In Chapter 2 we study the effect of inter-site ℓ - b hybridization on the ‘ℓ - b’ model. The single impurity problem arising under DMFT approximation has close connection with the Vigman-Finkelshtein (VF)model. Then we briefly introduce the VF model and bring out its close connection with the impurity problem. We consider both the particle-hole symmetric as well as the U → ∞ particle-hole asymmetric cases. We derive various spectral functions at T = 0K and discuss the nature of fixed points under various circumstances.
We explicitly show that for the particle-hole symmetric case the Hamiltonian flows from X-ray edge singularity fixed point to Free Electron fixed point under Renormalization Group transformation. This is evident from the spectral properties of the model. We write down the effective Hamiltonian at the free electron fixed point. For the particle-hole asymmetric case the model flows from X-ray edge singularity fixed point to Free Electron/Strong Coupling fixed point with additional potential scattering terms. We write down the effective Hamiltonian at this fixed point and derive various leading order deviations. We found all of them to be irrelevant in nature also most interestingly the quasi-particles describing the under lying Fermi liquid state are found to be asymptotically non-interacting. We also calculate the Fermi liquid parameter, z, by analyzing the energy level structure of a non-interacting Hamiltonian with effective renormalized parameter.
Also, we consider the case of ‘self consistent bath hybridization’ without ℓ - b hybridization for Bethe lattice with infinite coordination. Low energy qualitative features are found to be same but some of the high energy features get qualitatively modified.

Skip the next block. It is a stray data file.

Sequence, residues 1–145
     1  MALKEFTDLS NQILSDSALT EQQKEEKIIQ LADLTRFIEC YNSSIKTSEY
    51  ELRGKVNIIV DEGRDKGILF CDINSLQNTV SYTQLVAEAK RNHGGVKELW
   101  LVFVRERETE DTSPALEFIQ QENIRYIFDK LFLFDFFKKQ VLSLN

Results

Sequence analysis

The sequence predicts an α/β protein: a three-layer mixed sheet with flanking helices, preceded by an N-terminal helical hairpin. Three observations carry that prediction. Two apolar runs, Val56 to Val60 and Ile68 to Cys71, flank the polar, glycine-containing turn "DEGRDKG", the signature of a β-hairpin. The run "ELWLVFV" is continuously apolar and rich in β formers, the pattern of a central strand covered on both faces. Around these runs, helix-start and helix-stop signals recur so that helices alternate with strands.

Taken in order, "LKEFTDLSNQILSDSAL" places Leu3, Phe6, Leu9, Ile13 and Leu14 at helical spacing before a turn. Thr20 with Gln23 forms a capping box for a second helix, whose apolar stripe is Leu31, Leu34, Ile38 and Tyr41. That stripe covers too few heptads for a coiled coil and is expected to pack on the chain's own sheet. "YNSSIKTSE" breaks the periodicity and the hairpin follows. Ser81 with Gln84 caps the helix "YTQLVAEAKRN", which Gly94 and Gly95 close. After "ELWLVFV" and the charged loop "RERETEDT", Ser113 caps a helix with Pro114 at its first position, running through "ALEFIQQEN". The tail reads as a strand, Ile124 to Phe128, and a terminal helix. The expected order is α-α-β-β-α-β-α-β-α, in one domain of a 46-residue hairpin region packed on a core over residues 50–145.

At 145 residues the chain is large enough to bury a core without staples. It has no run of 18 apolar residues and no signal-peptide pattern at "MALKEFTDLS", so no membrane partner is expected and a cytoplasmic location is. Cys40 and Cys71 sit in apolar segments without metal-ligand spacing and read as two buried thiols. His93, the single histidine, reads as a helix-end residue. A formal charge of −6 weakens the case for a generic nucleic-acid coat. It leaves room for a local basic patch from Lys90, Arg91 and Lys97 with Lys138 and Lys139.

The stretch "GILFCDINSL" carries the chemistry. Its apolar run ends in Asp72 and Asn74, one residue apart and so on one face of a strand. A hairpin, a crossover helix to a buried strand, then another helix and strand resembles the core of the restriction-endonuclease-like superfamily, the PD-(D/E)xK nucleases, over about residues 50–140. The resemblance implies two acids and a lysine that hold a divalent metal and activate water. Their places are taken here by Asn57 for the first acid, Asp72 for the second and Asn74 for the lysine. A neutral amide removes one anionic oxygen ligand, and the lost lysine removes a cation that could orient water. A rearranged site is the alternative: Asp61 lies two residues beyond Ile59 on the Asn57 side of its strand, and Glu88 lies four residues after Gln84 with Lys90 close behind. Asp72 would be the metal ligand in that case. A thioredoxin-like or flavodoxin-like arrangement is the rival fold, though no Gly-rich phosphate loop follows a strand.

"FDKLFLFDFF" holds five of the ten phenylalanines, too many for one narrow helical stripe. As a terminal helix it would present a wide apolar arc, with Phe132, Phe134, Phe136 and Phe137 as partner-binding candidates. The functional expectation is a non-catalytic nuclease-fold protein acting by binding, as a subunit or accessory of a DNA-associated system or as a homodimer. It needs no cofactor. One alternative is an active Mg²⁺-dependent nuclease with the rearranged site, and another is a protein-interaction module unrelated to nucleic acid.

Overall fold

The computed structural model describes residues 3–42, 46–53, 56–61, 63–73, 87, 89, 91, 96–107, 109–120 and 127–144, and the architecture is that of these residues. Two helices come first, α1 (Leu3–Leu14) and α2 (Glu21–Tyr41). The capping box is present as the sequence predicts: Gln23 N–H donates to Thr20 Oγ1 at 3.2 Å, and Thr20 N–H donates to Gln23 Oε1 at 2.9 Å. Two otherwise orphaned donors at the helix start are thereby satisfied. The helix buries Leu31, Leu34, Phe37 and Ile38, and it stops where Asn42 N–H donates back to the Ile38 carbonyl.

In Chapter 3 we discuss the transport properties of doped manganites in the insulating phases and also the Hall effect in the metallic phase. In the ﬁrst part of this chapter we calculate the resistivity based on the ‘ℓ - b’model and try to fit it to the semiconducting form: ρ(T )= ρ0(T /T0)−nexp[Δ(T )/kBT ] and extract the “transport gap”, Δ(T ). This gap can be characterized in terms of the “spectral gap” which can be defined for the ℓ - b model. It is found that the transport gap in the paramagnetic phase can be characterized in terms of the near constant “spectral gap” in this phase whereas the same in the ferromagnetic phase can be characterized in terms of the zero temperature spectral gap. In the last part of this chapter we calculate the Hall resistivity (ρxy) of these materials in the metallic phase. Ρxy is found to be negative and linear in applied field -quite consistent with the experimental findings but this fails to explain the positive linear Hall resistivity at low temperatures and its crossover as a function of field and temperature. We then present a reasonable explanation for this discrepancy and support it by calculating the Hall density of states for a two band “toy model” involving inter species hybridization.
In Chapter 4 we calculate the optical conductivity, σ(ω), in ℓ - b model. σ(ω) arises from two independent processes. One of the processes involves ‘b’ electrons only and termed as ‘b - b channel’ and this gives rise to a Drude peak in the low frequency region. another process termed as the ‘ℓ - b channel’ involves hopping of an ℓ-electron to a neighbouring empty site and transforms into a ‘b’like state. This process gives rise to a broad mid-infrared peak. The total conductivity is the sum of contributions from these two incoherent channels. Calculated σ(ω) for metallic systems shows lot of similarities with experimental observations particularly the temperature evolution of the mid-infrared peak and the spectral weight transfer between the two peaks. But for the insulating systems the calculated optical conductivity showed trends similar to more recent experimental observations on some insulating systems (x =0.125) but contradicts with earlier experimental observations on some other insulating system (x =0.1).
Finally, in the concluding chapter, we summarize results from all the chapters and also sketch some possible future directions of investigations.|
|Appears in Collections:||Physics (physics)|